F-35 Lightning II
The latest and greatest ‘black project’ from Lockheed Martin’s Skunk Works – technically referred to as the Advanced Development Programs (ADP) unit, a classified division of the company unrestrained by bureaucracy- the F-35 Lightning II is the most advanced fighter jet on Earth. It’s the first and only stealthed, supersonic, multi-role fighter.
Born out of a demand to dominate the fluid 21st-century battlefield, replacing a plethora of legacy aircraft such as the F-16 and A-10 Thunderbolt II, the F-35s rewriting the rulebook on aircraft design, capable of performing almost any possible role imaginable today – be that strike, support or reconnaissance – with greater efficiency than any other aircraft made to date. The cost of this performance? GBP 86m (USD 139m) per plane.
So what does all that cash actually buy you? To start, the most powerful powerplant ever fitted to a fighter aircraft. The F-35, across all its three variants – read: F-35A, F-35B and F-35C, differentiated largely by takeoff mechanism – is fitted with a Pratt & Whitney F135 afterburning turbofan jet engine, which delivers a mighty 19,500 kilograms (43,000 pounds) of thrust and grants a sound-shattering top speed of over 1,930 kilometres (1,200 miles) per hour; that’s over Mach 1.6 or, to put it another way, infinitely faster than your gran’s Mini Metro!
The cash, which is being dropped in large quantities by the States, as well as eight global partners including Britain – which is set to deploy the aircraft on its new Queen Elizabeth-class aircraft carriers – also purchases the operator one of the most advanced aircraft structures in existence. Each F-35 utilizes structural nanocomposites, such as carbon nanotube-reinforced epoxy and bismaleimide (BMI), to produce a framework unrivalled in lightness and strength, as well as heavily integrating epoxy glass resin to maximise aerodynamics. In terms of skin and coatings, each F-35 sports a radar cross-section (ie radar signature) the size of a golf ball thanks to the heavy implementation of fibre-mat over the fuselage.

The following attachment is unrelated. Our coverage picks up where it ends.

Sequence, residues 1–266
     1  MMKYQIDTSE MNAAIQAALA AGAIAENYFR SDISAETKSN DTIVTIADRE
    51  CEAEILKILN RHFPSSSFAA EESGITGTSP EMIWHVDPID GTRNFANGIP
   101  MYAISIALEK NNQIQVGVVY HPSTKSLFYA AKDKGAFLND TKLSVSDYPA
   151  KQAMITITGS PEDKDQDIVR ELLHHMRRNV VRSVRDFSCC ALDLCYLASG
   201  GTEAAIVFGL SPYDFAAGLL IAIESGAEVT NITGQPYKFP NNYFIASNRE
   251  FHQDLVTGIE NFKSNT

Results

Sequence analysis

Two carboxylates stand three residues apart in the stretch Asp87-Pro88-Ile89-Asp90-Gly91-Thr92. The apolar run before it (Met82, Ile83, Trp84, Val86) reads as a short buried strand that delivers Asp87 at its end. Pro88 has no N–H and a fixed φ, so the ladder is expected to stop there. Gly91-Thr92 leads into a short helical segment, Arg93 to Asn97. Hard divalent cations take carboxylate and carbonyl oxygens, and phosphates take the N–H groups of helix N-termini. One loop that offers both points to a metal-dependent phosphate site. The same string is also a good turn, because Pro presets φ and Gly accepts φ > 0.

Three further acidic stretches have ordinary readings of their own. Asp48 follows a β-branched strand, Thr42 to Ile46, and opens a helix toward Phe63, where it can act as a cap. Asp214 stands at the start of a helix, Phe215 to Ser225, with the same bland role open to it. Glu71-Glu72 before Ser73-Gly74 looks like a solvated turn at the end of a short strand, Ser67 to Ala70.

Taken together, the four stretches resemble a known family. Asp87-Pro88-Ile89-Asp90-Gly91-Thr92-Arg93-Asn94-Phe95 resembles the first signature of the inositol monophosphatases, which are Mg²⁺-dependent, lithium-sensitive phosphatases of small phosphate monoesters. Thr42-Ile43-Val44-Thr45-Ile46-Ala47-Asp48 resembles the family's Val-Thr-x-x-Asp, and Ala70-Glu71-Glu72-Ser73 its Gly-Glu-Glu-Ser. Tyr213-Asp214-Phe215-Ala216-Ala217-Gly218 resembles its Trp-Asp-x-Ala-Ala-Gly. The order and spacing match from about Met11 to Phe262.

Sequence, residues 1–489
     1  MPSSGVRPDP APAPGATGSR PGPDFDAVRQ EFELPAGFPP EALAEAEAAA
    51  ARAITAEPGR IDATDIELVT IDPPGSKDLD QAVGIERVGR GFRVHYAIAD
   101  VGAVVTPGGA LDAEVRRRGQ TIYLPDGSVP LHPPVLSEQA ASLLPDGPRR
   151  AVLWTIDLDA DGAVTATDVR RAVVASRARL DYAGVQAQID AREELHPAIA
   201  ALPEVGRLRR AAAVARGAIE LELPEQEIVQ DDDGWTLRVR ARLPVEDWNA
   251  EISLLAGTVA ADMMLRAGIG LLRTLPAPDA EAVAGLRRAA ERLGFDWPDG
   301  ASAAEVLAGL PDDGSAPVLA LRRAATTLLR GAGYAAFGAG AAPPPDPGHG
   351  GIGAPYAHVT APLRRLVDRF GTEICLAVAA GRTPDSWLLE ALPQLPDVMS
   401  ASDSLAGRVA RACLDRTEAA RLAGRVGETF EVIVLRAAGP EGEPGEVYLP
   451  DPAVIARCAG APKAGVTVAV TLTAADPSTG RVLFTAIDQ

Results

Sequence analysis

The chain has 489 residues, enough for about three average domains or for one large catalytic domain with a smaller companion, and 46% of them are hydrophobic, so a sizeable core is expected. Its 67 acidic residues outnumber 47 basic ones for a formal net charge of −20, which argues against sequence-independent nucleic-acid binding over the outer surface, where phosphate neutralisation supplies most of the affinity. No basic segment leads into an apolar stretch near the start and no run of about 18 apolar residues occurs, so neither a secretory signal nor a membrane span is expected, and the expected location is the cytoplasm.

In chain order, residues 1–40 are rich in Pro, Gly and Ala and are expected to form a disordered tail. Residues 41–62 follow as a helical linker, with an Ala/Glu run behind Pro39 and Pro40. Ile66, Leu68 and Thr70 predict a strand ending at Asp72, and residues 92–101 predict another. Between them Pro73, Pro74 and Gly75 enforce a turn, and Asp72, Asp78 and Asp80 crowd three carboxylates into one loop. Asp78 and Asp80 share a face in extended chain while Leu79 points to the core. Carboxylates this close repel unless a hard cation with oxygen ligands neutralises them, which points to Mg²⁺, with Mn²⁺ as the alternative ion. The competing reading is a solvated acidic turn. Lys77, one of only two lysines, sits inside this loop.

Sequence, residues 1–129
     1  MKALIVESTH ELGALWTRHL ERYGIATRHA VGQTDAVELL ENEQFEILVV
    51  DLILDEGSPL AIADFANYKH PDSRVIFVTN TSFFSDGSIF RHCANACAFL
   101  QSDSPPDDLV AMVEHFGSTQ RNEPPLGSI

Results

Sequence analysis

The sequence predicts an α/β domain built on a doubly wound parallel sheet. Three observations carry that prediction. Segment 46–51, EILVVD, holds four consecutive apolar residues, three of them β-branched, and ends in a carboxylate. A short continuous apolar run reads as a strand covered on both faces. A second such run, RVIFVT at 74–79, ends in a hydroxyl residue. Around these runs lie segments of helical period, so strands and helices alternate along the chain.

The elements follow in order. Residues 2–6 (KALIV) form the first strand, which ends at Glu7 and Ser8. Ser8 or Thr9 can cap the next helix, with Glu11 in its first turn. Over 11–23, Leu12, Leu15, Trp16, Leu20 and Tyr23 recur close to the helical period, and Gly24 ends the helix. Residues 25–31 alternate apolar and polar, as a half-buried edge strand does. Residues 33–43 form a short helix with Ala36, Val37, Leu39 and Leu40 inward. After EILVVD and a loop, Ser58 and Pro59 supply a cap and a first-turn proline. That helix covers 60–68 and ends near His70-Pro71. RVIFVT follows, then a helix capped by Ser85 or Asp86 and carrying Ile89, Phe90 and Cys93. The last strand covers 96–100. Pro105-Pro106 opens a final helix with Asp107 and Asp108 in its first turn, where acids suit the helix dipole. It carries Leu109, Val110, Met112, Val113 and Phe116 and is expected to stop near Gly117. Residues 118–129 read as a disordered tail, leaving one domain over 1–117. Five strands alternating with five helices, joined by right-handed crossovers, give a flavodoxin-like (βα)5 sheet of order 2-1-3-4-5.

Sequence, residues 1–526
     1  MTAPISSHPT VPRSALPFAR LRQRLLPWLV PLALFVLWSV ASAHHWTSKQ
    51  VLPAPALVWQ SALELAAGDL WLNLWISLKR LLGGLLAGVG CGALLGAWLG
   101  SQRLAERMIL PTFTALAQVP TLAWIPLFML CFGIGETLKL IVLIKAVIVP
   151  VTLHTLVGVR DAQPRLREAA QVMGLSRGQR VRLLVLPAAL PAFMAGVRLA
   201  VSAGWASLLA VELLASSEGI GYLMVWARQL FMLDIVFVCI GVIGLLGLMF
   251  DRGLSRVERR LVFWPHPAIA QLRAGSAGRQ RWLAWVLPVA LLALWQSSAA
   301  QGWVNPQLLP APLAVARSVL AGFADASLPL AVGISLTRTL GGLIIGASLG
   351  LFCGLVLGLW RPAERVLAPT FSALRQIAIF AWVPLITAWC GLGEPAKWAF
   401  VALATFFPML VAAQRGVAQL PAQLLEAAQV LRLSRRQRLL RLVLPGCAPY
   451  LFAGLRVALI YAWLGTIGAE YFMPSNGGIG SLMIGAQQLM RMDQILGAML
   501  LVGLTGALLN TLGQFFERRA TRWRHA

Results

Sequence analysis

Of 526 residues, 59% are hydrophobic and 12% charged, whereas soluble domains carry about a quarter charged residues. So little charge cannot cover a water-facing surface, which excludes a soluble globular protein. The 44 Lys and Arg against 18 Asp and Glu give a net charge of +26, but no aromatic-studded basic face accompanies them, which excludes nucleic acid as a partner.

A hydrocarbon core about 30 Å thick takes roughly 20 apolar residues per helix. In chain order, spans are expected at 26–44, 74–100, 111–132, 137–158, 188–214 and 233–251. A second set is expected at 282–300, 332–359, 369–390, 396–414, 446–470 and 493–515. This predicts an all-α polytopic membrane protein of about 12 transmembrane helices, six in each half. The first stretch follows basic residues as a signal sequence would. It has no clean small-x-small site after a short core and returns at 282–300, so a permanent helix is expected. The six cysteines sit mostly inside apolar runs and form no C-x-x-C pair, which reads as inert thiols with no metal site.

The cockpit is also state of the art, delivering a full-panel-width, panoramic glass cockpit display as well as a host of bleeding-edge avionics and sensors such as the Northrop Grumman AN/APG-81AESA radar and electro-optical targeting system (EOTS). Further, much of the cockpit has been optimised for speech-recognition interaction, allowing the pilot to control many parts of the jet by voice alone.
Of course, the main attraction of the Lightning II is its diverse armaments – the equipment that transforms it from technical marvel into a master of destruction. You want air-to-air prowess? You’ve got it, with the F-35 capable of launching AIM-120 AMRAAMs, AIM-9X Sidewinders, IRIS-Ts and the futuristic beyond-visual-range MBDA Meteor. For maximum air-to-ground penetration, take your pick from AGM-154 JSOWs, SOM Cruise Missiles and Brimstone anti-tank warheads. Even if you want to engage marine-based targets the F-35 delivers the goods, capable of launching the new anti-ship Joint Strike Missile (JSM). Throw in a raft of other munitions, including the Mark 80 series of free-fall bombs, Mk.20 Rockeye II cluster bomb, the Paveway series of laser-guided bombs and even, in DEFCON 1 situations, the B-61 nuclear bomb and you have one extremely versatile and deadly feat of aviation.
Sensors – The main sensor installed in the F-35 is an AN/APG-81AESA radar, which is produced by Northrop Grumman. This main radar is augmented with an electro-optical targeting system (EOTS) mounted under the nose.
Armament – Asides from a stock GAU-22/A quad-barrelled cannon, the F-35 can carry a wide variety of bombs and missiles, ranging from AIM-9X Sidewinders, through AGM-128S and on to JDAM-guided bombs.
LiftSystem – Made by tech-masters Rolls-Royce, the F-35’s LiftSystem is an innovative propulsion system that allows for the main engine exhaust to be redirected for direct vertical lift. Perfect for carrier deployment.
Structure – The F-35 is the first mass-produced aircraft to include structural nanocomposites, primarily utilising carbon nanotube-reinforced epoxy. Other materials include bismaleimide (BMI) and composite epoxy glass resin.
Powerplant – A Pratt & Whitney F135 afterburning turbofan delivers 19,500kg (43,000lb) of thrust to the F-35, allowing a top speed of over 1,930km/h (1,200mph). The engine is the most powerful ever installed in a fighter aircraft.
Wings – The total wing area of the Lightning II varies dependent on configuration, with the CTOL and STOVL variants sporting43ms (460ft) and the CV variant 62m2 (668ft2).
Stealth – The F-35 has a tiny radar cross-section (the size of a golf ball) thanks to heavy implementation of fibre-mat in its construction, as well as stealth-friendly chines for vortex lift as used on the SR-71 Blackbird.
- Crew: 1
- Length: 15.7m (51.4ft)
- Wingspan: 10.7m (35ft)
- Height: 4.3m (14.2ft)
- Weight: 13,300kg (29,300lb)
- Powerplant: 1 x Pratt & Whitney F135 afterburning turbofan
- Dry thrust: 125kN (28,000lbf)
- Thrust with afterburner: 191kN (43,000lbf)
- Max speed: Mach 1,6 (1,930km/h; 1,200mph)
- Max range: 2,220km (1,379mi)
- Max altitude: 18,288m (60,000ft)
- Thrust/weight: 0.87 g-limit: +9 g
- Guns: 1 x General Dynamics GAU-22/A Equalizer 25mm four-barrelled Gatling cannon
- Hardpoints: 6 x external pylons, 4 x internal pylons
- Max payload: 8,100kg (18,000lb)
- Armament: Air-to-air, air-to-ground, anti-ship